Since 2014, I’ve used three different pairs of Patagonia Baggies (both the 5″ and 7″ models), all of which are still going strong at the time of writing. During this period I’ve covered more than 5,000 hiking miles (8,047 km) in Baggies, in conditions ranging from the Scottish Highlands to the Bolivian Altiplano to the sweltering Australian Alps in summer. Here is my take on the iconic shorts, which have been a core part of Patagonia’a catalogue since their release in the early 1980’s:
Models: 5″ seam and 7″ seam
Weight (men’s large / my scales):
- 5″ seam – 7 oz (221 g)
- 5″ sans liner – 5.9 oz (167 g)
- 7″ seam – 7.9 oz (224 g)
- 7″ sans liner – 6.7 oz (190 g)
Materials (from Patagonia website): The most recent incarnation of the Baggies are made from 100% recycled nylon (Supplex) with a DWR (durable water repellent) finish. They have an internal drawstring, an elasticized waistband, and are made in accordance with Fair Trade sewing practices.
Pockets: Three in total. A rear snap pocket and two side pockets. The latter are large (big enough to hold most maps without having to worry about them falling out), self-draining (mesh corners), and the right one of the 2019 model has a loop attachment, which is ideal for hooking keys or a compass lanyard. Their vertical design comes in handy when fording deep rivers, as it helps reduce drag in the water; obviously a handy feature when swimming as well.
Mesh Liner: You can leave the undies at home when wearing the Baggies. Over the years I’ve generally been an advocate of going commando while hiking, but in two of my three pairs of baggies I decided to keep the liner. In addition to being airy, I’ve found it to be comfortable, while still retaining its elasticity over time (i.e. minimal sagging – I recently turned 50, so unfortunately I’m only talking about the liner).
DWR finish beads well in light rain or when splashing across watercourses.
Variety: There are lots of different colours and designs from which to choose.
When it comes to hiking shorts I want something light, not too short, not too long, quick-drying, comfortable, big pockets, and not restrictive. The Patagonia Baggies tick all of these boxes.
5″ Vs 7″: I’ve regularly used both models over the past six years. I tend to wear the 5″ in warmer conditions, and the 7″ shorts when I’m combining hiking and traveling, and/or if I’m walking in a place where folks are a little more conservative in regards to dress standards.
Drying Time: One of the impressive things I’ve found about the Baggies is that though the material has a sturdy feel, they are relatively lightweight and seem to dry just as quickly as much thinner and less durable running shorts when wet (i.e. less than 20 minutes in the sun).
Comfort: I love the fit and soft feel of the Baggies. Despite their name they aren’t overly baggy, nonetheless, they have ample legroom, and I’ve never found mobility to be an issue whether I’m hiking uphill, striding out on the flats, or doing some stretching at the end of a long hiking day (Note: I prefer all my shorts to be as roomy as practical. In regards to the Baggies, I size up from medium to large).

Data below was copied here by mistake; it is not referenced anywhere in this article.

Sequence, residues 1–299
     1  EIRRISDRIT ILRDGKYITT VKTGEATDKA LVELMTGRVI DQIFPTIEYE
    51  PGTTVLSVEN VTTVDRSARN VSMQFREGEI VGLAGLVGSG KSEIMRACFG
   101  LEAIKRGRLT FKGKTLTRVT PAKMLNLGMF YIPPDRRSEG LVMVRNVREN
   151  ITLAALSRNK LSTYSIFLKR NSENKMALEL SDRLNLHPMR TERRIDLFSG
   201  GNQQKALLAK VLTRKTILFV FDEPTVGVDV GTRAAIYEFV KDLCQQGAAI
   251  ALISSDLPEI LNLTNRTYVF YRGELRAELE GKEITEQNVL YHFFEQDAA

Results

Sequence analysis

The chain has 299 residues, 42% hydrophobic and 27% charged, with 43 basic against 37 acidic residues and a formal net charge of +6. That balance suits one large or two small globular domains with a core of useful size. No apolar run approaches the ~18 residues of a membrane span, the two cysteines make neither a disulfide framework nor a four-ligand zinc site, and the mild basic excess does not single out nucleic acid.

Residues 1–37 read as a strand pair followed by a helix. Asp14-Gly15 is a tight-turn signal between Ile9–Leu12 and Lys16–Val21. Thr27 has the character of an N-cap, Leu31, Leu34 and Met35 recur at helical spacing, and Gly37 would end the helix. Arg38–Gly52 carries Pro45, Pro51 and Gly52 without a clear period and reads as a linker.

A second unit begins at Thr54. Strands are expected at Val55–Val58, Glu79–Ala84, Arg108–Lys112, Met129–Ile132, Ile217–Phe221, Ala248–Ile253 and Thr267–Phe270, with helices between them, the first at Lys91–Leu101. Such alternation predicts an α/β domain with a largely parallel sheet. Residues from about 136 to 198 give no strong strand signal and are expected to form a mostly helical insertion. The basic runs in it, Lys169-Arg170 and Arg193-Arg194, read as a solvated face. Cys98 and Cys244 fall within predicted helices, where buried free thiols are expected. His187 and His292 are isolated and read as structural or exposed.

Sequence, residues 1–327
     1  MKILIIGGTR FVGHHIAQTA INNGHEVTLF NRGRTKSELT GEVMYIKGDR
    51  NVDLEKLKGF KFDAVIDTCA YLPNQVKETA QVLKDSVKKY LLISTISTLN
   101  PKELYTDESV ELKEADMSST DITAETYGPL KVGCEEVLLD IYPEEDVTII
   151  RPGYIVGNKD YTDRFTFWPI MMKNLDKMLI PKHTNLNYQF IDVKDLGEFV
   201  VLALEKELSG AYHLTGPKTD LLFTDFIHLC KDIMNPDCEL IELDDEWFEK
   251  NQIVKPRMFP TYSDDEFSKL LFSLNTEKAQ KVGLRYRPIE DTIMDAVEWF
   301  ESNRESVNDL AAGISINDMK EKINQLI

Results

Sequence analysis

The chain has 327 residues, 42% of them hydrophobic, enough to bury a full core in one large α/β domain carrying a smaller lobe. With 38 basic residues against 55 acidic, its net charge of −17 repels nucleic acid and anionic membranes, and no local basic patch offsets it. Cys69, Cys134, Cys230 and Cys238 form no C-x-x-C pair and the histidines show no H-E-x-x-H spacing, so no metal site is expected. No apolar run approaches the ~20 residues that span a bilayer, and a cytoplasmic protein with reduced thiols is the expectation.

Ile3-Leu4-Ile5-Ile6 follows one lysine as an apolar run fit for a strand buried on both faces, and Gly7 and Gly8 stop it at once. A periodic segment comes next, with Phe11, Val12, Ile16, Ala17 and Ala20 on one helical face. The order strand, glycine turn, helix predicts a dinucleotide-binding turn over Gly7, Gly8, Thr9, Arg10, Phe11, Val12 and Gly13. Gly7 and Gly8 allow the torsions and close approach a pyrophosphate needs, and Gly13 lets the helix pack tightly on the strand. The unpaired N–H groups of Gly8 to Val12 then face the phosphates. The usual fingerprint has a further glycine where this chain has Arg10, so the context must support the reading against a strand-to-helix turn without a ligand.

Breathability: The combo of lots of legroom and airy mesh liners means that the Baggies score well on the ventilation front.
Multifunctional: Among the things I like about the Baggies are their simplicity (no zippers) and multifunctionness – they are equally at home on trail, as they are at the beach or around town.
Double thumbs up. As with most Patagonia garments, Baggies are built to last. I’ve had my 5″ “Baby Blues” (Port Blue) since 2014, during which time I’ve put more than 3,000 miles (4,828 km) on them. This includes plenty of off-trail excursions (thick bushwhacks, scree descents, rocky scrambles, the occasional bum-sliding shimmy) which would have been the death of many, if not most other lightweight hiking or running shorts. Despite the beating they have taken, at the time of writing they are still showing very little sign of wear in either the elastic waistband, mesh liners, or the backside.
Value for Money
What constitutes value comes down to a balance between the long term effectiveness of your purchase and what you paid for it. At US$55 a pop (though as mentioned above, they are often on special at REI and Patagonia.com), at first glance Baggies are certainly not cheap for a pair of nylon shorts. However, unlike some other less expensive and less well made models, they aren’t going to blow out in the crotch, ass, or the waistband for literally thousands of miles. To me, that means they represent good value – like a Feathered Friends sleeping bag or Katabatic Gear quilt, you may have some doubts when you first shell out the cash, but when you see how well they perform and last over the long-term, those doubts will invariably fade.
I look for five basic attributes (see Backpacking Gear Philosophy) in all of my outdoor gear: simplicity, functionality, durability, lightweight and value. The Patagonia Baggies meet all of these criteria, plus they look respectable and feel comfortable. I suspect they’ll be my hiking shorts of choice for many years to come.
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